African Philosophy: Traditional Yoruba Philosophy and Contemporary African Realities

By Segun Gbadegesin | Go to book overview

2
ENIYAN: THE YORUBA CONCEPT OF A PERSON

In this chapter, we are concerned with the issue of human existence. I would like to address the question 'what is a person'? Deriving either from introspective reflections or from observations of life, this question is a crucial one which any rational human being is bound to raise at some point. That some traditional thinkers in African cultures must have raised such a question should be obvious from an examination of the traditional conceptual schemes. I will limit myself here to the Yoruba traditional thought, while drawing out similarities and differences through comparison with the Akan conceptual scheme. The reason for this should be obvious. I have an intuitive understanding of the Yoruba language; and this makes it easier for me to investigate the conceptual scheme derived from it. Second, the problem created by generalization for all traditional African societies has been demonstrated by several studies and should be avoided. However, a comparison of the Yoruba and Akan views on these issues is perfectly in order, fortunately because there are philosophical studies of the Akan conceptual schemes on the same subject. 1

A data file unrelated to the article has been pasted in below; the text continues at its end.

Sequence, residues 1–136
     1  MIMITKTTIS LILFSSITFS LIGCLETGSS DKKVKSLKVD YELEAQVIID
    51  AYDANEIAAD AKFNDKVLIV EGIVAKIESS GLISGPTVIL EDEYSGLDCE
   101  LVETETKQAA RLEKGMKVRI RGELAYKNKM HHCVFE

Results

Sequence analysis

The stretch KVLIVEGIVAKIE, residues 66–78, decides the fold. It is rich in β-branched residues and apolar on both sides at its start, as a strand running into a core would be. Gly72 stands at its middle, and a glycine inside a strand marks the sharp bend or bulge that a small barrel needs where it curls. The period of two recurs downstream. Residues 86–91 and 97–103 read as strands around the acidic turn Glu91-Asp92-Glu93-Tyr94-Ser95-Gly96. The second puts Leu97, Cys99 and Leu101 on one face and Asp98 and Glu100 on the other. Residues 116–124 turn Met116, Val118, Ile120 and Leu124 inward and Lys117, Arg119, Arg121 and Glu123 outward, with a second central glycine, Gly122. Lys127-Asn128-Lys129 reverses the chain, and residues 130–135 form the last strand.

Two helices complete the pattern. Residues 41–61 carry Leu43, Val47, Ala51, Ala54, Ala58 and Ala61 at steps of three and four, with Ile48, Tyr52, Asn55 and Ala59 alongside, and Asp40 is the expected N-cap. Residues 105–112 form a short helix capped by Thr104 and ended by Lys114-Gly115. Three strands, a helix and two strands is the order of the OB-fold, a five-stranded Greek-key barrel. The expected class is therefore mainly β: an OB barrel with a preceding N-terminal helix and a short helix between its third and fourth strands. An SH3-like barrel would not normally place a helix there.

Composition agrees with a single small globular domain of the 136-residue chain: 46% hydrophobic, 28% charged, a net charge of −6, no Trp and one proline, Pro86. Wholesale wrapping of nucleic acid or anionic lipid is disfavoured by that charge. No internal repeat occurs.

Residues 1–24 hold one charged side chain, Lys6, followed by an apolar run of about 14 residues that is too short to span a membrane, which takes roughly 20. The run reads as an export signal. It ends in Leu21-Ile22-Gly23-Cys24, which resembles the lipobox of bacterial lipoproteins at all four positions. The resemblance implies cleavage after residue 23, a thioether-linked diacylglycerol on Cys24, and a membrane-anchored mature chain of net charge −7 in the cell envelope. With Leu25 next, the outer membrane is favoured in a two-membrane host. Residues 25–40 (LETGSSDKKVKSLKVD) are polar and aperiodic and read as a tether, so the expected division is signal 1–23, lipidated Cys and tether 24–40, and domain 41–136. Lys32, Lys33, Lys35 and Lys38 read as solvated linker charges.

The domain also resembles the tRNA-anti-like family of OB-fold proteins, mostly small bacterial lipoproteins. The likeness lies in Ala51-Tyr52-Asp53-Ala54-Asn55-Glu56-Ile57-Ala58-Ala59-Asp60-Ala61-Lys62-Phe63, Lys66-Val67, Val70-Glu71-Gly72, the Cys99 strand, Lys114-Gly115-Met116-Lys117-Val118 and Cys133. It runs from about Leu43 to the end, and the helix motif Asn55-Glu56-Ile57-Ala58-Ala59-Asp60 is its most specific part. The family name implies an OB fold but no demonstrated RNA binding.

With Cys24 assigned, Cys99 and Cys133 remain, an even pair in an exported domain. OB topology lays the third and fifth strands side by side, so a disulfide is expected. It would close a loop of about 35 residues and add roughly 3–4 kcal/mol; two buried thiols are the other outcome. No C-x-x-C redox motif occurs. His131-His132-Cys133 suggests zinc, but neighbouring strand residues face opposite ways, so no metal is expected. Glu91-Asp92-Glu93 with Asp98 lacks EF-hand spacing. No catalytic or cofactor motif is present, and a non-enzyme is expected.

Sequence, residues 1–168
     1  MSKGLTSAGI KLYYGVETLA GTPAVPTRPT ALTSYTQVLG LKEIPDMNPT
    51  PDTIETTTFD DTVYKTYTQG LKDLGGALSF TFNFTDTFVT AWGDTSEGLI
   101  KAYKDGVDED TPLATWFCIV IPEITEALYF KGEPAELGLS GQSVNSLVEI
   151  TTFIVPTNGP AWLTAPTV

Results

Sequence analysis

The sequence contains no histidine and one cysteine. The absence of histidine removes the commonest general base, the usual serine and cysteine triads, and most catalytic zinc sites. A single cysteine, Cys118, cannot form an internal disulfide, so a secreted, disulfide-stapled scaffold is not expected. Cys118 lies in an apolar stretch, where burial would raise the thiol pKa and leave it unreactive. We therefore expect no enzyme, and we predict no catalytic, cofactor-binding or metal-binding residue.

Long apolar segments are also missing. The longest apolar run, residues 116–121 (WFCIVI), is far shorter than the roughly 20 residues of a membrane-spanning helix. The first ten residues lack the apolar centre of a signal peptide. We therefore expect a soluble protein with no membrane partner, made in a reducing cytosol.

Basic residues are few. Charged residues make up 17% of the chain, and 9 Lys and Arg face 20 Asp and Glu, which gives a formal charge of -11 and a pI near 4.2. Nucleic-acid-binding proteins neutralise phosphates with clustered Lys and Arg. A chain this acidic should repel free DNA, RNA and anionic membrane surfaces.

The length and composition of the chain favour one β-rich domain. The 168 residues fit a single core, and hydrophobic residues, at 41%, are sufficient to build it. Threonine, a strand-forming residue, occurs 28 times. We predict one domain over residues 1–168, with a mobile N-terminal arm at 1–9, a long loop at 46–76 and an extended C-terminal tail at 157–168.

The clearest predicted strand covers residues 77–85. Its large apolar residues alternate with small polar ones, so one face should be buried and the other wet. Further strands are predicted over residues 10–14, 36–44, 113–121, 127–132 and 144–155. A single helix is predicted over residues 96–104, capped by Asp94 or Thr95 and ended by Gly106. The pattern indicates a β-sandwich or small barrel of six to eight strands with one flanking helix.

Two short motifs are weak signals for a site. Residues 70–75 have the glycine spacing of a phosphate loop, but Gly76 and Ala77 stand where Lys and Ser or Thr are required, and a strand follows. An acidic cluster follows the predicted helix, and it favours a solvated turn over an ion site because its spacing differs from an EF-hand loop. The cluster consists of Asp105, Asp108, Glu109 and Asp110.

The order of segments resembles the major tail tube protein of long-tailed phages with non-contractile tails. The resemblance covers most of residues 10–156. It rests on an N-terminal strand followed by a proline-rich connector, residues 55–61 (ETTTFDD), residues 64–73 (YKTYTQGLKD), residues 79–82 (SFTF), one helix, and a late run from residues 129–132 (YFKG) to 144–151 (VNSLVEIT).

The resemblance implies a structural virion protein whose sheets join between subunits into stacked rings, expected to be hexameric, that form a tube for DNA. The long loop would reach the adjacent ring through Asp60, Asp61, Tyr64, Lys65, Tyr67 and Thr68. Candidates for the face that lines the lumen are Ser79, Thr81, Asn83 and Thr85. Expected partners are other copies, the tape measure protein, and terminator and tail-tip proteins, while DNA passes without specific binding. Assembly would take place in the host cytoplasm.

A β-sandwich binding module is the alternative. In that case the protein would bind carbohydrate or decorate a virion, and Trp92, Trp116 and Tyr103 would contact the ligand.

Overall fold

The Yoruba word for person is ènìyàn. However, ènìyàn, has a normative dimension, as well as an ordinary meaning. Thus it is not unusual, referring to a human being, for an observer to say "Ki i se ènìyàn" [(He/She is not an ènìyàn]. Such a comment is a judgment of the moral standing of the human being who is thus determined to fall short of what it takes to be recognized as such. I will come back later to the requirements of being, morally speaking, an ènìyàn. In the language, greater emphasis is placed on this normative dimension of ènìyàn, perhaps more than is placed on the concept of person in English language. For

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